Japanese tire giant Bridgestone is showing off a revamped model of their prototype Air Free tire at the 2014 Paris Auto Show. First unveiled in 2011, Bridgestone has been working hard to improve their invention, which works by replacing the air-filled rubber donuts of today with a single band of rubber wrapped around resin blades built to absorb shock and support a car’s weight. As we can see from the photos, the tires have a similar to look to the spokes on bicycle wheels.
While the first, and most obvious, benefit of an airless tire is no more flats when your car is out on the road, Bridgestone’s Olivier Monbet, leader of their technical department in France, says there’s more. With every part of the Air Free tire being recyclable, they can greatly reduce the waste associated with the production and use of tires on the road today.
Monbet adds that their biggest improvement from 2011 has been how the tire absorbs shocks, thanks to a new design that can resist the buildup of heat. Their next goal is deal with the stiffness the driver feels while steering, due to lateral movement. Bridgestone is planning to continue developing new prototypes over the next four years or so, and hopes to begin road tests within one year by pairing the Air Free tire with Toyota’s small, single-seat electric vehicles that are often seen on the streets of Tokyo.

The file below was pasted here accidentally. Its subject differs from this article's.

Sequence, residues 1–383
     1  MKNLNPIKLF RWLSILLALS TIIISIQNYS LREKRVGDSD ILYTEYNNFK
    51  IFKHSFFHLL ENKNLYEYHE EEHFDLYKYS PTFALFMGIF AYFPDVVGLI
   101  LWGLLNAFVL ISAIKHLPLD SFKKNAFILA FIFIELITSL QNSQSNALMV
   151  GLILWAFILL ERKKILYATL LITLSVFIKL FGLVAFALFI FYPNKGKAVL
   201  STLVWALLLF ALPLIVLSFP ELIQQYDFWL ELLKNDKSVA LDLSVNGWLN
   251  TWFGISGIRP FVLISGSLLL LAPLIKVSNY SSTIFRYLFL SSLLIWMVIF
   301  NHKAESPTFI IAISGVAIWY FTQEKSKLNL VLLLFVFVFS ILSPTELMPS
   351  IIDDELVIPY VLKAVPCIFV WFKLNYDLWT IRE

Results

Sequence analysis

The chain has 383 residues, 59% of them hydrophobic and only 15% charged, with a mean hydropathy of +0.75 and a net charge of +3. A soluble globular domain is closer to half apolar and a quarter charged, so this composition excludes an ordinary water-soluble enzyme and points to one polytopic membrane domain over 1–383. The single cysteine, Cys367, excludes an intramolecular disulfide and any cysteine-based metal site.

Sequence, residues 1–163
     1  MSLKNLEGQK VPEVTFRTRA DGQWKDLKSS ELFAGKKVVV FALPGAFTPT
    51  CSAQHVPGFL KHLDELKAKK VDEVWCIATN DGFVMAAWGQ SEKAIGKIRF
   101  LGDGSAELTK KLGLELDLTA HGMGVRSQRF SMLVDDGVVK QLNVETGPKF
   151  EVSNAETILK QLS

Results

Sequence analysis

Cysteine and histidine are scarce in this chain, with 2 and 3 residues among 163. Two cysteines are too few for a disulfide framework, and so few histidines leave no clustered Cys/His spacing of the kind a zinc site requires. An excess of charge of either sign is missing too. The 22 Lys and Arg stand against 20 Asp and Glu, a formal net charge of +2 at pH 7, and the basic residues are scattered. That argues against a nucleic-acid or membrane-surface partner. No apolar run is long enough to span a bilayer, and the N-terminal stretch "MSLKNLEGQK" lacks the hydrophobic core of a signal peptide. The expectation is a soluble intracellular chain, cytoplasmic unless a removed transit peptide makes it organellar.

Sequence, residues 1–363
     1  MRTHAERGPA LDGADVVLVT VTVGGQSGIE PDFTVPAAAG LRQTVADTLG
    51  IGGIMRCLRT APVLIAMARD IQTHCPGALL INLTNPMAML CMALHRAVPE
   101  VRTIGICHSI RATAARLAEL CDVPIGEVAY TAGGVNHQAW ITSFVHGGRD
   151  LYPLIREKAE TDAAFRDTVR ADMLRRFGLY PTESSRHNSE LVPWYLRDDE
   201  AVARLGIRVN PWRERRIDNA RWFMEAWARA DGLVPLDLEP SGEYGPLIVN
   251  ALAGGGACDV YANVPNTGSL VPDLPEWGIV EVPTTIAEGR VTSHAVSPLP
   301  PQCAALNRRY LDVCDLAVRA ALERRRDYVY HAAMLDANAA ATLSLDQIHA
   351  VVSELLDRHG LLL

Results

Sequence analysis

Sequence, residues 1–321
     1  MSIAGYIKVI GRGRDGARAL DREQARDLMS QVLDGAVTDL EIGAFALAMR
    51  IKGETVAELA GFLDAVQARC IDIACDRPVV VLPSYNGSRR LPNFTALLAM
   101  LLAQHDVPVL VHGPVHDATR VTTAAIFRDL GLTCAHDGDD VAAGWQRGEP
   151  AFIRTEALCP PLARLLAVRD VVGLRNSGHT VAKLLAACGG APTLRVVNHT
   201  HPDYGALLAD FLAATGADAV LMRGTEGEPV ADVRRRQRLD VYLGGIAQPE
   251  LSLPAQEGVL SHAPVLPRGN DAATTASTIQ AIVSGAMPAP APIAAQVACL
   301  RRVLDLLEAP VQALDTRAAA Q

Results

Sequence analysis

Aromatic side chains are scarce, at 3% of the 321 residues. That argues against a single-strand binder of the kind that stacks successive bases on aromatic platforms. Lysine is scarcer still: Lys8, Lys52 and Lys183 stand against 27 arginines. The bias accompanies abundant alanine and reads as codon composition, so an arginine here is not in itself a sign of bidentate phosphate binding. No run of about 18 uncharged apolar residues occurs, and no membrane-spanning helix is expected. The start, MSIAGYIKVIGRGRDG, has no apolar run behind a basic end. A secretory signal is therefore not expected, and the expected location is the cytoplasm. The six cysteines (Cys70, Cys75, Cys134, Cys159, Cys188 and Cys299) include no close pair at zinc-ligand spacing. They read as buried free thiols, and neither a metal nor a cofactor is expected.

Even with industry rivals like Michelin and Britek Tire developing their own airless tires, Bridgestone is in no rush to bring its model to the consumer market. There is still much work to be done, and Monbet says there’s no point in trying to determine pricing right now, however, he adds that they do expect costs to drop over time as production increases.